Tory Leadership race: Boris Johnson’s hopes for top job come crashing down as Michael Gove plants the knife

Conservative Party in turmoil as head of Vote Leave campaign ends bid to be next Prime Minister and former ally makes shock late entry into race

Charlie Cooper
Whitehall Correspondent
Thursday 30 June 2016 22:44
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Michael Gove leaving his home yesterday before announcing his leadership bid
Michael Gove leaving his home yesterday before announcing his leadership bid

The race to Downing Street has been blown wide open, and the Conservative Party plunged into bitter infighting, as Michael Gove sensationally entered the Tory leadership contest, in the process disowning and denouncing his ally and fellow architect of Brexit, Boris Johnson.

In the latest day of astonishing political drama, the former London Mayor shocked the country by withdrawing from the Tory leadership race with minutes to go before the midday deadline for nominations. It followed Mr Gove’s bombshell decision to run against him, announced just hours earlier.

Mr Johnson faced bitter recriminations for spearheading the campaign to take Britain out of Europe, only to abandon his longstanding ambition to succeed David Cameron – leaving another candidate to steer the country through the turbulent times ahead.

Mr Gove meanwhile, attracted the furious ire of some Conservative MPs for turning on Mr Johnson, whose campaign he had been expected to run.

The dramatic reversal leaves Theresa May the odds on favourite to become Prime Minister. Launching her campaign on Thursday morning, the Home Secretary said she was not a “showy” politician, that politics was not a “game” and pledged to be a Prime Minister “ready and able to do the job from day one”.

Ms May backed remaining in the EU during the referendum campaign, but pledged not to go against the people’s decision to leave. Saying “Brexit is Brexit”, she committed to seek a deal that would end the free movement of EU citizens into the UK while retaining access to the single market for British goods and services – an ambitious combination that Brussels has already said will not be possible.

Theresa May making her official announcement to run for the Tory party leadership 

Setting out his own pitch on Friday, Mr Gove will pledge to seek a similarly ambitious settlement for Britain outside the EU.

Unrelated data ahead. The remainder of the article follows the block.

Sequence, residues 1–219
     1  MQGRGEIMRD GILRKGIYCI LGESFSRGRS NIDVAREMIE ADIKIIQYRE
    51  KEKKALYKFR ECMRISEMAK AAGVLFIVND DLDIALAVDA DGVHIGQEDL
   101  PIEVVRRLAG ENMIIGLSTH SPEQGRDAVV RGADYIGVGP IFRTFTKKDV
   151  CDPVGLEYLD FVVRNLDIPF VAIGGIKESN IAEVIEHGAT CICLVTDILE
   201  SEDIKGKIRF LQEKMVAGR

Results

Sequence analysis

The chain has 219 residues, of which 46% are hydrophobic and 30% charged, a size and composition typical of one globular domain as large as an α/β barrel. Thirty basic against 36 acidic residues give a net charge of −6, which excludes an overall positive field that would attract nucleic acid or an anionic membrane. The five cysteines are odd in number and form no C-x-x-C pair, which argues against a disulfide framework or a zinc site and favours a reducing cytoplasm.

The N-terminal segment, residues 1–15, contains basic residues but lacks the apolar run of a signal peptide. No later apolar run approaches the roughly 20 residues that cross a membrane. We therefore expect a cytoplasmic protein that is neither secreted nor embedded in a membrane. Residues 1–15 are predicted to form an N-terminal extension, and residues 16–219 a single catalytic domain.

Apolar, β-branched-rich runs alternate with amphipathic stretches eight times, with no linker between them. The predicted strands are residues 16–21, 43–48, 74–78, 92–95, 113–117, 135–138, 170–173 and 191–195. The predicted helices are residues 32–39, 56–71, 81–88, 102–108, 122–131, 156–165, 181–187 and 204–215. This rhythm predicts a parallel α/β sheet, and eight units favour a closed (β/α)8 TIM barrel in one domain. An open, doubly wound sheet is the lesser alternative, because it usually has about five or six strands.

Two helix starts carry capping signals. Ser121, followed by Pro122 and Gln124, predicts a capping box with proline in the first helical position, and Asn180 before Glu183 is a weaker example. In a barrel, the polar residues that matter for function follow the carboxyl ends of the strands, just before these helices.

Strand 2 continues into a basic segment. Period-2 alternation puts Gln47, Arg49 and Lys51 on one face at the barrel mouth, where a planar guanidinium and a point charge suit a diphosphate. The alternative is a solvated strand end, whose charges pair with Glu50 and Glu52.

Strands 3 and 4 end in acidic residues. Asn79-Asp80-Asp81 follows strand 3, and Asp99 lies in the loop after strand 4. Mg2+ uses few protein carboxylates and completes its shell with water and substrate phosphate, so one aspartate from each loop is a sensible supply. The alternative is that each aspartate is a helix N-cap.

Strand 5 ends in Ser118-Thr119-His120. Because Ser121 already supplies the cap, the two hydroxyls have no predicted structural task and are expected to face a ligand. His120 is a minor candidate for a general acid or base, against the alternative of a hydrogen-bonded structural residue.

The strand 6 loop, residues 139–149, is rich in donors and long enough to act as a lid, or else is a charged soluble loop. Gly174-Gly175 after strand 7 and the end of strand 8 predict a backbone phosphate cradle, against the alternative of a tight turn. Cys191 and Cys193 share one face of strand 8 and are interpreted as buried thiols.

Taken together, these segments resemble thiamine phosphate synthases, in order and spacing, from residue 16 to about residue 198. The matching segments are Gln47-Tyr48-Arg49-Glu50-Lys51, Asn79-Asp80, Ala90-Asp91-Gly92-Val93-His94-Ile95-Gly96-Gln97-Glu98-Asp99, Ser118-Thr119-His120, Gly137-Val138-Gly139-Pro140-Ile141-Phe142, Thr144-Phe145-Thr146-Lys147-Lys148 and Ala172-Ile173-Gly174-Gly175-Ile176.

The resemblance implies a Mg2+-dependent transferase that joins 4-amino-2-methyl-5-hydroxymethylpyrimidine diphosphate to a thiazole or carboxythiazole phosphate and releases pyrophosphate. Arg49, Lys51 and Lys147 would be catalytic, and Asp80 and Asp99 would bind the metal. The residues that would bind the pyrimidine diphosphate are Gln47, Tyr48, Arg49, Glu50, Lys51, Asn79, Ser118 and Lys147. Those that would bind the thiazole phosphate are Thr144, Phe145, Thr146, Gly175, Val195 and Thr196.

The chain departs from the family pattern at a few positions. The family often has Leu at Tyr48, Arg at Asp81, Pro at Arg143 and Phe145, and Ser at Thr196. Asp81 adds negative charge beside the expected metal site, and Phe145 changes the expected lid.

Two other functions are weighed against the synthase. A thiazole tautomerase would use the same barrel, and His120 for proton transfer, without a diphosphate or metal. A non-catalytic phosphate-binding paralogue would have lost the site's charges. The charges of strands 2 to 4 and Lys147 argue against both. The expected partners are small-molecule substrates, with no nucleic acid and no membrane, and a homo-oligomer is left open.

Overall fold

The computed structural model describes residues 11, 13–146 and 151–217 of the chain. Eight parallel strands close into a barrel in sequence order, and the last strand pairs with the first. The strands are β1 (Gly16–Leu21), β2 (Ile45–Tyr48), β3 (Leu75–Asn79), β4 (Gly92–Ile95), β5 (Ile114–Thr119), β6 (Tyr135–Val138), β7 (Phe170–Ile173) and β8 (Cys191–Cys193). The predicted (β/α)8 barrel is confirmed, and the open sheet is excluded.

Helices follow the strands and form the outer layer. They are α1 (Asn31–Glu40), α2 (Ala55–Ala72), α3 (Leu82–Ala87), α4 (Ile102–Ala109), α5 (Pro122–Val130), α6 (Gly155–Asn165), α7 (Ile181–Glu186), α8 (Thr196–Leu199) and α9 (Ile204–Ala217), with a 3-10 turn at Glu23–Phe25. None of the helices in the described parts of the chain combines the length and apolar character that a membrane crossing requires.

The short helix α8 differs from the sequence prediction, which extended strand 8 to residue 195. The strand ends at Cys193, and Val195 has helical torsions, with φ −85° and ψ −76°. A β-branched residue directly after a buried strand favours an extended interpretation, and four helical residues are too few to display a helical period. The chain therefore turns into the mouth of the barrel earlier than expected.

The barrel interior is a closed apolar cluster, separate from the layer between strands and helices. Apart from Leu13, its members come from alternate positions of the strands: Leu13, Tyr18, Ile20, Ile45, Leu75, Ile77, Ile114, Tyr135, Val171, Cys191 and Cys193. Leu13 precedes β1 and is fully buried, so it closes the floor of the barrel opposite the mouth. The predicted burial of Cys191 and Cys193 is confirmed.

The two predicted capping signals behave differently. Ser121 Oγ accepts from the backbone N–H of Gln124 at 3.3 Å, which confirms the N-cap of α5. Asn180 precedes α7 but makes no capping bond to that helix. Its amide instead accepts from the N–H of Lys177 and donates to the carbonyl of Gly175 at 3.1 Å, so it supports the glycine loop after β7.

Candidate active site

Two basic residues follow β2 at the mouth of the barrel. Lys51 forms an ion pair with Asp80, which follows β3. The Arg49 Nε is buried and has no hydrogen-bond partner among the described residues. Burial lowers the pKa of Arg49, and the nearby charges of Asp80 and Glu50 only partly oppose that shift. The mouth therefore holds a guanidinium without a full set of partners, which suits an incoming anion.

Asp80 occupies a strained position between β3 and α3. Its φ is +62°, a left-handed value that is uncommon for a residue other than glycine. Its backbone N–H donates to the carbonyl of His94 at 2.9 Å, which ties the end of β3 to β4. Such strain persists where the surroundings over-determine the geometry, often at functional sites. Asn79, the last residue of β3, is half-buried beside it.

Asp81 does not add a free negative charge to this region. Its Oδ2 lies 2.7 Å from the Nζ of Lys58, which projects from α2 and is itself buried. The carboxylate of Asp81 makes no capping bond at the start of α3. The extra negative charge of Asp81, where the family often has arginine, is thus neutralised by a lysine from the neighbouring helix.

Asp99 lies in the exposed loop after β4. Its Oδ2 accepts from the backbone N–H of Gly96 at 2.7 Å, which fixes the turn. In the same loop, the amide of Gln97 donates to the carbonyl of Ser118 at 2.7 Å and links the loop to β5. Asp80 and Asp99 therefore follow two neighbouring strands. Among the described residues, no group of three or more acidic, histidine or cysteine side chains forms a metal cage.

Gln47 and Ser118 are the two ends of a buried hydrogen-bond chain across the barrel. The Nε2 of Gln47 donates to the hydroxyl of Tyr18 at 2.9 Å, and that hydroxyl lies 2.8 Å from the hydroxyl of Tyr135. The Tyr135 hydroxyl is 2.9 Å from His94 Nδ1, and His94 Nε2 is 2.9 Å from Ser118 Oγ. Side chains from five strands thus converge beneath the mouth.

Explaining his dramatic decision to enter the leadership race, Mr Gove said that he had concluded that Mr Johnson was not able to build a strong leadership team or create the unity in the party and the country required to be Prime Minister

“In the last four days I had a chance to see up close and personal how Boris dealt with some of the decisions we needed to make in order to take this country forward,” he said.

“During that period I had hoped that Boris would rise to the occasion because inevitably when you have a leadership election, people are tested, questions are asked of them, tests are set. Boris has formidable qualities but I saw him seek to meet and not pass those tests.

“As someone who had argued consistently that we should leave the European Union, and as someone who is experienced at the highest levels in the Cabinet, I felt it had to fall to me,” he added.

Mr Johnson, who despite being the favourite for Downing Street 24 hours ago, must now face up to a potentially fatal blow to his political ambitions, had been due to launch his leadership bid on Thursday morning.

Boris rules himself out

But his stump speech at the luxury St Ermin's Hotel in Westminster turned into a shock withdrawal from the race. Pointedly referencing Shakespeare’s Julius Caesar, he proceeded to set out a pitch for leadership only to conclude: “That is the agenda for the next Prime Minister of this country. But I have to tell you my friends, you who have waited faithfully for the punchline of this speech, that having consulted colleagues and in view of the circumstances in Parliament, I have concluded that person cannot be me.”

His decision shocked even close allies. Speculation in Westminster was rife that, without Mr Gove’s backing, Mr Johnson was not confident of attracting sufficient support from MPs or influential media backers to guarantee victory.

The drama led to fierce recriminations within the party. Former Deputy Prime Minister Lord Heseltine, who campaigned firmly for a Remain vote in the referendum, likened Mr Johnson – who first entered Parliament as MP for his old seat of Henley – to a general who abandoned the battlefield at the first sight of trouble.

Michael Heseltine lays into Boris Johnson

"There will be a profound sense of dismay and, frankly, contempt. He has ripped the party apart. He has created the greatest constitutional crisis in modern times. He has knocked billions off the value of the nation's savings," he told BBC 5 Live.

"He is like a general who led his army to the sound of guns and at the sight of the battlefield abandoned the field to the claims of his adjutant who said he wasn't up to the job in the first place. I have never seen such a contemptible and irresponsible situation. He must live with the shame of what he has done."

Mr Gove also came in for fierce criticism. Rossendale and Darwen MP, and Johnson supporter, Jake Berry tweeted: “There is a very deep pit reserved in Hell for such as he. #Gove”.

While Mr Gove will stand on the same Leave campaign ticket as Mr Johnson planned to, there is no guarantee he can count on the support of the 100 or more MPs who had been expected to back Mr Johnson. One senior MP told The Independent that Ms May, or the other leadership candidates Andrea Leadsom, Liam Fox, and Stephen Crabb, would be beneficiaries as Mr Johnson’s supporters “scrambled for lifeboats”.

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